These days Braxton is closer to his roots, philosophically and geographically. Born as the civil rights movement crested into the integration years, Braxton grew up attending his father’s Baptist church in the blue-tinged mountains of (mostly White) Salem, Virginia. His father, too, was political, even making a long-shot run for mayor. “A strategic move,” Braxton says. “He was very politically savvy — well, he was a civil rights activist!” Remembering his father, Braxton seems joyful, his manner behind his wooden desk conjuring that of a benevolent school principal. Braxton first encountered the subject of tonight’s lecture, on the Apostle Paul’s letters, as a boy in his father’s pews. (He’d later write his dissertation on Paul.) He first felt the call of faith when he was 7, when his father dipped him into the baptismal waters. Braxton sings, his shoulders dancing a bit, with surprising lightness, his wise-looking spectacles sliding down his nose a bit: “Wade in the water, God’s gonna trouble the water.”
You can imagine him as a professorial megachurch leader, booming out of television sets around the country.
No doubt things are not as simple as his childhood years, when his father made just $20,000 a year and enjoyed the basic perk of a parsonage — a home provided by the church. And certainly they’re not as simple as in Paul’s day. During tonight’s teaching, Braxton lingers on Paul’s refusal to take a salary for his preaching, which he seems to admire. To lead a movement today, though, one needs practicality, resources, a product-market fit. Braxton needs to grow the church — which he refers to as an “entrepreneurial venture” — far beyond its small scope, attract younger people who aren’t much inclined toward organized religion and expand the quarter-million operating budget, $100,000 of which pays his salary. It all rings of the concern he faced at age 17, when he first felt called to the ministry: “I thought … ‘I kinda want to get paid.’”
He’s raked in plenty of cultural capital. The Rev. Martha Simmons, who has known Braxton for more than a decade and is a leading voice in African-American preaching, says Braxton helped give Black Christianity “a new stature … and increased its hype, especially in the academy and seminaries.” That personal prestige is part and parcel of his plan in the post-Charleston age. He’s perfectly aware of his own charisma, and he seems ready to capitalize on it; you can imagine him as a professorial megachurch leader, booming out of television sets around the country. That’s what he’s angling for, a faith that is both intellectual and passionate. He hops between cities almost weekly, being interviewed by journalists and holding forth on interfaith panels, part of his effort to create a movement with “digital and national” scope.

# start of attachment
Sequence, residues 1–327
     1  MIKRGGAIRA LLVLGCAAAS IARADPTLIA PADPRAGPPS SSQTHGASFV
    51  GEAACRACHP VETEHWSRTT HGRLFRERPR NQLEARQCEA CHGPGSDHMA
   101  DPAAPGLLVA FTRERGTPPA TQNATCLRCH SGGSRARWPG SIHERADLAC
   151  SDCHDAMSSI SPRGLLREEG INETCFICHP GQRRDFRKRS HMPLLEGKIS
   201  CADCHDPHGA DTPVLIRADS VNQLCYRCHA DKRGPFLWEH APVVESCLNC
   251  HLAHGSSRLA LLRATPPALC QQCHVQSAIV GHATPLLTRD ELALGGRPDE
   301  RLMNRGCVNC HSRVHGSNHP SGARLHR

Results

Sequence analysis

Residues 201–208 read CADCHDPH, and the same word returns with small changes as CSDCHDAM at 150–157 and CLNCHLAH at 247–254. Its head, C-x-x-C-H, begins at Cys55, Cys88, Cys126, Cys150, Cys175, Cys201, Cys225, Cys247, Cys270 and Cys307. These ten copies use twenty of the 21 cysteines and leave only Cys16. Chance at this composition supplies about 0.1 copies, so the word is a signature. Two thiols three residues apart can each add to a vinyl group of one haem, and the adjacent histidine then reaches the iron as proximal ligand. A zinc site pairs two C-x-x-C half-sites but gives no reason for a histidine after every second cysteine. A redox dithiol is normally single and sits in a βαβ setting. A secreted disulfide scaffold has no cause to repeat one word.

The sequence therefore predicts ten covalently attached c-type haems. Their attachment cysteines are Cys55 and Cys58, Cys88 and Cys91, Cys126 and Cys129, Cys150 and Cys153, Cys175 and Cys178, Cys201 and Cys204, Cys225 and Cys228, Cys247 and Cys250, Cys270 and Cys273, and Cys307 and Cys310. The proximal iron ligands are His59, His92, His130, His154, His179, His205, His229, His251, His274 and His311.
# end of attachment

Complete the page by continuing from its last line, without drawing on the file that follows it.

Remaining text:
His ambitions extend to his activism, where he preaches an expansive version of civil rights. “Politics and piety” today, in Braxton’s view, require a commitment to equality for everyone, regardless of race, ethnicity, gender, sexuality, etc. Case in point: Right after the violence broke out in Baltimore in April, Braxton found himself fielding a round of phone calls from the city’s rabbinical leadership. They gathered activists in the building that morning. The next day, he spoke at a pro-marriage-equality rally on the steps of the Supreme Court. Braxton describes those 24 hours as a prime example of the Open Church’s philosophy of “intersectional justice.” He calls out the phrase while pacing in front of the study group, delivering it with the full-bodied singsong of a Holy Spirit invocation. (“Mhm”s follow.)
Such values are average enough on liberal Main Street, but in the religious world, Braxton remains on the fringe, according to Josef Sorett, professor of religion at Columbia University. The “minority” that Braxton represents — liberal, intellectual, consciously tolerant — “often falls by the wayside” in the Black church tradition, Sorett says. Indeed, Braxton says he’s undoing some of the “post-traumatic stress” that many of his followers experience upon entering a sanctuary. Braxton doesn’t mince words. He believes his fellow preachers might need the greatest awakening of all. “I have felt more oppression inside Christianity than from any other faith traditions,” he tells his attentive audience of 15. He reminds them that Dr. Martin Luther King Jr.’s “Letter From Birmingham Jail” was addressed to clergy colleagues.